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When you are going to print an object, a friend operator<< is used. Can we use member function for operator<< ?

class A {

public:
void operator<<(ostream& i) { i<<"Member function";}
friend ostream& operator<<(ostream& i, A& a) { i<<"operator<<"; return i;}
};


int main () {

   A a;
   A b;
   A c;
   cout<<a<<b<<c<<endl;
   a<<cout;
  return 0;
}

One point is that friend function enable us to use it like this

cout<<a<<b<<c

What other reasons?

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3  
Do you really need any other reasons? –  Michael Myers Mar 16 '10 at 21:59
    
@mmyers: I just try to understand it as clear as I can.... –  skydoor Mar 16 '10 at 22:01
1  
It obviously can't be a member function (see Charles Bailey's answer), but it doesn't have to be a friend - if you can implement it in terms of the public interface of the class, that would be super. –  UncleBens Mar 16 '10 at 22:04
1  
Dupe stackoverflow.com/questions/236801/… –  anon Mar 16 '10 at 22:08
    
You answered it in your question. It can't be a member function because if it were you'd have to write a << cout instead of cout << a which reverses the meaning of the operator and prevents it from being chained together. That's plenty of reason to avoid making it a member function. –  Joe Gauterin Mar 16 '10 at 22:14
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4 Answers

up vote 10 down vote accepted

You have to use a free function and not a member function as for binary operators the left hand side is always *this for member functions with the right hand side being passed as the other parameter.

For output stream operators the left hand side is always the stream object so if you are streaming to a standard class and not writing the stream yourself you have to provide a free function and not a member of your class.

Although it would be possible to provide a backwards stream operator as a member function and stream out like this:

myObject >> std::cout;

not only would you violate a very strong library convention, as you point out, chaining output operations would not work due to the left-to-right grouping of >>.

Edit: As others have noted, while you have to make it a free function it only needs to be a friend if the streaming function cannot be implemented in terms of the class' public interface.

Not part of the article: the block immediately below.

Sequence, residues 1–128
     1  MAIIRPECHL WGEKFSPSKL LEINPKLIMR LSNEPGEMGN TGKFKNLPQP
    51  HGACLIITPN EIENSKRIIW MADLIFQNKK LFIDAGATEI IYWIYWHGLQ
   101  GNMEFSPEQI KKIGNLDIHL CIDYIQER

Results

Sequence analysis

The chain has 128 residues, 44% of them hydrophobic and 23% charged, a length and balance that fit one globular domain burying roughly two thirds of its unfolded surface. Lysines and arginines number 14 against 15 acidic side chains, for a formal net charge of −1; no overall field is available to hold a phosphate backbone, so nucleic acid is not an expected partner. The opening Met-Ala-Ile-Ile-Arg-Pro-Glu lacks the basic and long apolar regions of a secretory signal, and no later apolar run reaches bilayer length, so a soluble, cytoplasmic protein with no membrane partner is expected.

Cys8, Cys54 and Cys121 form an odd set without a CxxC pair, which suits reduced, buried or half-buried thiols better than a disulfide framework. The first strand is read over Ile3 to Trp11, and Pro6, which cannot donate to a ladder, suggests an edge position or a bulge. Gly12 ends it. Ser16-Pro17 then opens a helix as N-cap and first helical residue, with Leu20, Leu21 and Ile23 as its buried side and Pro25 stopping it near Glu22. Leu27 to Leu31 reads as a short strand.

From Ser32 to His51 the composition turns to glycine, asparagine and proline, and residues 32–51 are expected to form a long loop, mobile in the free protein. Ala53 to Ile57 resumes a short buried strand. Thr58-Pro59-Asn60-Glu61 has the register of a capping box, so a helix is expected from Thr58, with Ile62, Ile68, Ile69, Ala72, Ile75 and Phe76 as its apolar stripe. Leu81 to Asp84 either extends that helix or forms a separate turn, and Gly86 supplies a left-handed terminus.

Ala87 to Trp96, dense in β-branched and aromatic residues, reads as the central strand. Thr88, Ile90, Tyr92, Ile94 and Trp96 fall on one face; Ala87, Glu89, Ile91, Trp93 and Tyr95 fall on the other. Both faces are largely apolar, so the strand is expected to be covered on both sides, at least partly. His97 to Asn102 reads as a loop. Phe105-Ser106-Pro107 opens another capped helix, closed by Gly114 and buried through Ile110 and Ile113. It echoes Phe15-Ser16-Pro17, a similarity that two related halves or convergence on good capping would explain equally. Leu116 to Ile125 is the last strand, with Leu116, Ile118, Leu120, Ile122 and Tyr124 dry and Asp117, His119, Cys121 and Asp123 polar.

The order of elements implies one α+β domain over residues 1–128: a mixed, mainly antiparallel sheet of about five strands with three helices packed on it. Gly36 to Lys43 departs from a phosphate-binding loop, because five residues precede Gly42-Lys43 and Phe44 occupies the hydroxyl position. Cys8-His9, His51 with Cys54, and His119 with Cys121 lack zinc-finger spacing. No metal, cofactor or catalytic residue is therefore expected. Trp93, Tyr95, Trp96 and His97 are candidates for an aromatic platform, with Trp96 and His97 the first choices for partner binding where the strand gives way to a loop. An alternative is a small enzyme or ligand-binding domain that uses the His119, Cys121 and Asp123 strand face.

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You have no choice -- it has to be a free function.

Note, however, that it need not necessarily be a friend function. It only needs to be a friend if you actually need to grant it private access. For example, I use the following in programming competitions:

template <class A, class B>
std::ostream& operator<<(std::ostream& os, const std::pair<A, B>& p)
{
  return os << '(' << p.first << ", " << p.second << ')';
}

No need for it to be friend, as first and second are accessible publicly.

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A further reason in your example - it has to be a friend because that's the only way to define a free function inside the class definition. If you wanted a non-friend free function, it would have to be defined outside the class.

Why would you prefer to define it in the class? Sometimes it's nice to define all the operators together:

struct SomeClass {
    // blah blah blah
    SomeClass &operator+=(const SomeClass &rhs) {
        // do something
    }
    friend SomeClass operator+(SomeClass lhs, const SomeClass &rhs) {
        lhs += rhs;
        return lhs;
    }
    // blah blah blah
    // several pages later
};

might be a bit more user-friendly than:

struct SomeClass {
    // blah blah blah
    SomeClass &operator+=(const SomeClass &rhs) {
        // do something
    }
    // blah blah blah
    // several pages later
};

SomeClass operator+(SomeClass lhs, const SomeClass &rhs) {
    lhs += rhs;
    return lhs;
}

This assumes of course that you are defining the related member functions in the class definition, rather that declaring them there and defining them in a .cpp file.

Edit: I've used += and + as an example without really thinking about it, but your question is about operator<<, which doesn't have any closely related operators like operator+ does. But if operator<< calls one or more member functions related to printing, you might want to define it near where they're defined.

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You can't. But If you don't want it to be a friend function, make it a free function and implement it in terms of the class' public interface. For eg.

 ostream& operator<<(ostream& os, Myclass& obj)
{
   return obj.print(os);
}

ostream& MyClass::print(ostream& os)
{
   os << val; // for example.
   return os;
}
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